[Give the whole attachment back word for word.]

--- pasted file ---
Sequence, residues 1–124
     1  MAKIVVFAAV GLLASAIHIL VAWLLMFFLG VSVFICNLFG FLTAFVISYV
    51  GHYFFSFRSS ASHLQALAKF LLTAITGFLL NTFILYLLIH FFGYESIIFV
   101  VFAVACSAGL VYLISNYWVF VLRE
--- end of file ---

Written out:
Sequence, residues 1–124
     1  MAKIVVFAAV GLLASAIHIL VAWLLMFFLG VSVFICNLFG FLTAFVISYV
    51  GHYFFSFRSS ASHLQALAKF LLTAITGFLL NTFILYLLIH FFGYESIIFV
   101  VFAVACSAGL VYLISNYWVF VLRE